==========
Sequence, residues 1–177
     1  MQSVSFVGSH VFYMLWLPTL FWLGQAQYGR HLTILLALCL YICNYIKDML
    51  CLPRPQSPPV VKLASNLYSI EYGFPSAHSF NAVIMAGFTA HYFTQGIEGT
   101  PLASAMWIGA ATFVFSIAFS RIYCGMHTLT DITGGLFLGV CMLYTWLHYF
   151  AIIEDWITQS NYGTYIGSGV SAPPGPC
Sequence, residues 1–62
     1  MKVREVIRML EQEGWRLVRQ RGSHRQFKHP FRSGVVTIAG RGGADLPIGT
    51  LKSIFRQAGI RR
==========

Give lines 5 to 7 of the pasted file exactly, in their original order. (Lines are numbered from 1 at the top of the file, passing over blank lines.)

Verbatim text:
   151  AIIEDWITQS NYGTYIGSGV SAPPGPC
Sequence, residues 1–62
     1  MKVREVIRML EQEGWRLVRQ RGSHRQFKHP FRSGVVTIAG RGGADLPIGT